Annual Broadcasts
Messengers of the Good News

Messengers of the Good News

S&I Annual Broadcast 2023

Friday, January 27, 2023

Brother Chad H Webb: Anciently, it was considered a supreme honor to be selected to be the messenger of good news, especially to be the messenger of a victory in battle. In BC 490, a young man named Pheidippides was selected for the honor of carrying the news to anxious citizens in Greece that their armies had saved their nation by defeating Persian invaders. Legend says that Pheidippides ran the entire way from the Valley of Marathon to Athens to proclaim the good news. More than 2,500 years later, people in much better condition than me continue to commemorate that run by running their own marathons.

Isaiah referenced the idea of being the messenger of good news when he said:

“And these are they who have published peace, who have brought good tidings of good, who have published salvation; and said unto Zion: Thy God reigneth! …

“… O how beautiful upon the mountains were their feet!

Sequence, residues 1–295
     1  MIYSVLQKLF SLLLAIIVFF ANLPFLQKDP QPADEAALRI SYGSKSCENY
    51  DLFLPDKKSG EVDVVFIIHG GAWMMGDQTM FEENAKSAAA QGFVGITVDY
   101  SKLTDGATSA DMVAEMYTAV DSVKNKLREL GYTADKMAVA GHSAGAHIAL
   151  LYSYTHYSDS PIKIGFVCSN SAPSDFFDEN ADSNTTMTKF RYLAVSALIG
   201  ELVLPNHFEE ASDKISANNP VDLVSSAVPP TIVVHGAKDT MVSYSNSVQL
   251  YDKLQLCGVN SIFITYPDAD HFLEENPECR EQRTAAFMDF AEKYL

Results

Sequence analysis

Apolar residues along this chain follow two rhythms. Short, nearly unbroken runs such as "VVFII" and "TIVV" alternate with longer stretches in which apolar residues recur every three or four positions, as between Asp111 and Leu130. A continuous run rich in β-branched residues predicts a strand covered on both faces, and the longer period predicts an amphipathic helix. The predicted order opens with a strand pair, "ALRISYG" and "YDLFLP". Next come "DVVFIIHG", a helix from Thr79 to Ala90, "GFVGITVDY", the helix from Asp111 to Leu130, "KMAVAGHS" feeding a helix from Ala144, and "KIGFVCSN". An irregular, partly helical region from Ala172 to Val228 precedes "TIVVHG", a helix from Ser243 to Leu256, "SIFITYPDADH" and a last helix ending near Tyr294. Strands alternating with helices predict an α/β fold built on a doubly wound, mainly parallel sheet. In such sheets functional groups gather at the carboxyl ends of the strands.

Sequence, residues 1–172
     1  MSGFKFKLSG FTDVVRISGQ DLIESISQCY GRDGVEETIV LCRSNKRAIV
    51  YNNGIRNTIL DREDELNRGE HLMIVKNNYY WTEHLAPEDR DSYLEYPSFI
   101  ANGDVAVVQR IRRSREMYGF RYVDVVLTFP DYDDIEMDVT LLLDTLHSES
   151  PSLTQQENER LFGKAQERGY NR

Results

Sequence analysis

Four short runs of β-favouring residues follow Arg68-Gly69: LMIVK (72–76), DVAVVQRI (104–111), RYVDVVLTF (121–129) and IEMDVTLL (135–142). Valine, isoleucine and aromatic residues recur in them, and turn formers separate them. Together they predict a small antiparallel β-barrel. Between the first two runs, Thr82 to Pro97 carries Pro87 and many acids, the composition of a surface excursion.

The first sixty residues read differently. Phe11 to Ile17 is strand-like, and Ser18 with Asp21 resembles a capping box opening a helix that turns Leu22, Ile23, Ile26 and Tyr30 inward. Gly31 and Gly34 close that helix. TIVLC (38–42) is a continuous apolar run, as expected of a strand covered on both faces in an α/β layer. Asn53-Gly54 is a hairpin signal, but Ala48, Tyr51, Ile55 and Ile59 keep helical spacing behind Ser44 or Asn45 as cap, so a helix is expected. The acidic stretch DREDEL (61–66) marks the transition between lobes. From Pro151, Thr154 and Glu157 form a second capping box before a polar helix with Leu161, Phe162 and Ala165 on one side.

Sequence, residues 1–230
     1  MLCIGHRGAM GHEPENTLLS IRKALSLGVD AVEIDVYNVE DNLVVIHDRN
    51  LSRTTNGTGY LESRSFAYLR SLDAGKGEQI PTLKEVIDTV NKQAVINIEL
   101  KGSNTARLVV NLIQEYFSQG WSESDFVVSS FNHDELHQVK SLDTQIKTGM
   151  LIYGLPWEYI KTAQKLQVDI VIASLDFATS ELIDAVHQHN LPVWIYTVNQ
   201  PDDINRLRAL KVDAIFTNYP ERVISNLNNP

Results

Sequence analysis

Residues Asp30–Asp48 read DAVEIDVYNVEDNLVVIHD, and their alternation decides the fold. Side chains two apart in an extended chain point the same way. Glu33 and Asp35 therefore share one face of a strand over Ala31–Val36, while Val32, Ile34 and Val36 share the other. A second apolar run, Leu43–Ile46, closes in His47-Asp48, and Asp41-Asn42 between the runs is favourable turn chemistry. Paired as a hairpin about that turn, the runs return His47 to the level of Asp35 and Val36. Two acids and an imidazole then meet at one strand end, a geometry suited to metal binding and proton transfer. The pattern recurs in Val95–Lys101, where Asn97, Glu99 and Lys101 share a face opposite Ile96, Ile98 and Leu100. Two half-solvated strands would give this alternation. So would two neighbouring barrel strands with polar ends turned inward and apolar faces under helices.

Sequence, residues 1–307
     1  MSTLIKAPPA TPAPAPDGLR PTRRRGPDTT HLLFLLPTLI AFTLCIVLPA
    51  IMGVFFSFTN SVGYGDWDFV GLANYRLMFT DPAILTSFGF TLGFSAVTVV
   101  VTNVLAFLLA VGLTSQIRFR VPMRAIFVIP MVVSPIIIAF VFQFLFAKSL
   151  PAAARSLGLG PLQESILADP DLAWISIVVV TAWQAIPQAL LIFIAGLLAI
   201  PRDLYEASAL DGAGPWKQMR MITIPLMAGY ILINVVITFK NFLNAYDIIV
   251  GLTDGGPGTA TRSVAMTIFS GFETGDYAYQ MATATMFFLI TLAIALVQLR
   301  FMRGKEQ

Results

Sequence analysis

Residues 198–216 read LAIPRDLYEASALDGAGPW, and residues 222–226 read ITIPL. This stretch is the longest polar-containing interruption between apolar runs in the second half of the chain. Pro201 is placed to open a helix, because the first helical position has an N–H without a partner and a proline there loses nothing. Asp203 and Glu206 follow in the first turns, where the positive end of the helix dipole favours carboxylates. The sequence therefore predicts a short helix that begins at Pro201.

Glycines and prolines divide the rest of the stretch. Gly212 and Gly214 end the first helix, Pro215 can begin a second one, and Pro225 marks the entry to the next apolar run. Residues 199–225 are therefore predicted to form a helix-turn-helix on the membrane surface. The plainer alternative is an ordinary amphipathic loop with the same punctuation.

“And … how beautiful upon the mountains are the feet of those … [still publishing] peace?”1

Those verses of scripture changed everything for me when I was a young, homesick, and discouraged missionary. The spirit of those verses opened my heart and mind to the fact that I had been trusted to be the messenger of the greatest news the world could ever hear. Despair and self-pity were replaced by hope and gratitude, and I’ve never forgotten that morning when I first understood through the Holy Ghost that I was to represent the Savior in delivering the good news of His matchless love, His atoning sacrifice, and His victory over sin and death.

Every day you walk into a classroom, you are the messengers of the good tidings of the gospel of Jesus Christ. Thank you for publishing peace in a world of divisiveness and discord and for bringing light and truth into a world that can feel dark and full of confusion. This is the true Church of Jesus Christ. You have been prepared and selected to be messengers of peace to the youth and young adults of the Lord’s Church. What an honor it is to represent Jesus Christ, to teach His gospel, and to strive to teach it in His way!

Last year we had the opportunity to learn from Elder Dieter F. Uchtdorf as he introduced the new handbook Teaching in the Savior’s Way. I love that this new handbook focuses on the example of Jesus Christ as the Master Teacher. As Elder Uchtdorf said, “The best way to become a better teacher is to become a better follower of Jesus Christ.”2